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The friends of the acquitted prisoner had
dispersed, under the impressionwhich he
himself had originatedthat he would not be
released that night. The lights were nearly all
extinguished in the passages, the iron gates
were being closed with a jar and a rattle, and the
dismal place was deserted until to-morrow morning's
interest of gallows, pillory, whipping-post,
and branding-iron, should repeople it. Walking
between her father and Mr. Darnay, Lucie
Manette passed into the open air. A hackney
coach was called, and the father and daughter
departed in it.

Mr. Stryver had left them in the passages,
to shoulder his way back to the robing-room.
Another person who had not joined the group,
or interchanged a word with any one of them,
but who had been leaning against the wall where
its shadow was darkest, had silently strolled out
after the rest, and had looked on until the coach
drove away. He now stepped up to where
Mr. Lorry and Mr. Darnay stood upon the
pavement.

"So, Mr. Lorry! Men of business may speak
to Mr. Darnay now?"

Nobody had made any acknowledgment of
Mr. Carton's part in the day's proceedings;
nobody had known of it. He was unrobed,
and was none the better for it in appearance.

"If you knew what a conflict goes on in
the business mind, when the business mind is
divided between good-natured impulse and
business appearances, you would be amused, Mr.
Darnay."

Mr. Lorry reddened, and said, warmly, "You
have mentioned that before, sir. We men of
business who serve a House, are not our own
masters. We have to think of the House, more
than of ourselves."

"I know, I know," rejoined Mr. Carton,
carelessly. "Don't be nettled, Mr. Lorry. You
are as good as another, I have no doubt; better,
I dare say."

"And indeed, sir," pursued Mr. Lorry, not
minding him, "I really don't know what you
have to do with the matter. If you'll excuse
me, as very much your elder, for saying so, I
really don't know that it is your business."

"Business! Bless you, I have no business,"
said Mr. Carton.

"It is a pity you have not, sir."

"I think so too."

"If you had," pursued Mr. Lorry, "perhaps
you would attend to it."

"Lord love you, no!—I shouldn't," said Mr.
Carton.

"Well, sir!" cried Mr. Lorry, thoroughly
heated by his indifference, "business is a very
good thing, and a very respectable thing. And,
sir, if business imposes its restraints and its
silences and impediments, Mr. Darnay as a
young gentleman of generosity knows how to
make allowance for that circumstance. Mr.
Darnay, good night, God bless you, sir! I hope
you have been this day preserved for a prosperous
and happy life.—Chair there!"

Perhaps a little angry with himself, as well as
with the barrister, Mr. Lorry bustled into the
chair, and was carried off to Tellson's. Carton,
who smelt of port wine, and did not appear to
be quite sober, laughed then, and turned to
Darnay:

"This is a strange chance that throws you and
me together. This must be a strange night to
you, standing alone here with your counterpart
on these street-stones?"

"I hardly seem yet," returned Charles Darnay,
"to belong to this world again."

"I don't wonder at it; it's not so long since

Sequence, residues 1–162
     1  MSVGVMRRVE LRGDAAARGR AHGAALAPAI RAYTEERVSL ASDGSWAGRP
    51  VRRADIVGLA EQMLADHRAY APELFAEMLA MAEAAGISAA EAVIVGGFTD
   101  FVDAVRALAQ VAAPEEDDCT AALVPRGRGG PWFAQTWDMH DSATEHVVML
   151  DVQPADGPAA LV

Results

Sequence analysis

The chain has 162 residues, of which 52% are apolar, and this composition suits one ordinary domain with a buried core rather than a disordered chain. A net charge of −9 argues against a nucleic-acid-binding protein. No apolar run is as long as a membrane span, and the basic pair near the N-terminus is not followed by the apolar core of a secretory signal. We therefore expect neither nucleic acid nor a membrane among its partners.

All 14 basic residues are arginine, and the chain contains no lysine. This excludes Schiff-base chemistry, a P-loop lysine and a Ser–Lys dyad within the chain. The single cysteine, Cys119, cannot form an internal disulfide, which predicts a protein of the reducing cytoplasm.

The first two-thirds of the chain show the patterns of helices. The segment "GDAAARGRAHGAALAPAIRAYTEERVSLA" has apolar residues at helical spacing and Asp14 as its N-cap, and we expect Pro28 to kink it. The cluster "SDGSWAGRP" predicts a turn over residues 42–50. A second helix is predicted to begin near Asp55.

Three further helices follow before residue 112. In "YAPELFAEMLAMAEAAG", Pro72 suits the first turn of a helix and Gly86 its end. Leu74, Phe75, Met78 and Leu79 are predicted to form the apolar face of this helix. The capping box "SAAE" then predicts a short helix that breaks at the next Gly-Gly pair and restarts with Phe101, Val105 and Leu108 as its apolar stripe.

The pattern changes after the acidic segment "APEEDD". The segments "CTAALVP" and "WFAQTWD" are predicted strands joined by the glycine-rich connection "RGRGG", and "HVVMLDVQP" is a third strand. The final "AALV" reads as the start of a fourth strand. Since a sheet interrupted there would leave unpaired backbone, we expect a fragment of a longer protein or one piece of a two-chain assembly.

you were pretty far advanced on your way to
another. You speak faintly."

"I begin to think I am faint."

"Then why the devil don't you dine? I dined,
myself, while those numskulls were deliberating
which world you should belong tothis, or some
other. Let me show you the nearest tavern to
dine well at."

Drawing his arm through his own, he took
him down Ludgate-hill to Fleet-street, and so,
up a covered way, into a tavern. Here, they
were shown into a little room, where Charles
Darnay was soon recruiting his strength with a
good plain dinner and good wine: while Carton
sat opposite to him at the same table, with his
separate bottle of port before him, and his fully
half-insolent manner upon him.

"Do you feel, yet, that you belong to this
terrestrial scheme again, Mr. Darnay?"

"I am frightfully confused regarding time and
place; but I am so far mended as to feel that."

"It must be an immense satisfaction!"

He said it bitterly, and filled up his glass
again: which was a large one.

"As to me, the greatest desire I have, is to
forget that I belong to it. It has no good in it
for meexcept wine like thisnor I for it.
So we are not much alike in that particular.
Indeed, I begin to think we are not much alike
in any particular, you and I."

Confused by the emotion of the day, and
feeling his being there with this Double of
coarse deportment, to be like a dream, Charles
Darnay was at a loss how to answer; finally,
answered not at all.

"Now your dinner is done," Carton presently
said, "why don't you call a health, Mr. Darnay;
why don't you give your toast?"

"What health? What toast?"

"Why, it's on the tip of your tongue. It
ought to be, it must be, I'll swear it's there."

"Miss Manette, then!"

"Miss Manette, then!"

Looking his companion full in the face while
he drank the toast, Carton flung his glass over
his shoulder against the wall, where it shivered
to pieces; then, rang the bell, and ordered in
another.

"That's a fair young lady to hand to a coach
in the dark, Mr. Darnay!" he said, filling his new
goblet.

A slight frown and a laconic "Yes,'' were the
answer.

"That's a fair young lady to be pitied by and
wept for by! How does it feel? Is it worth

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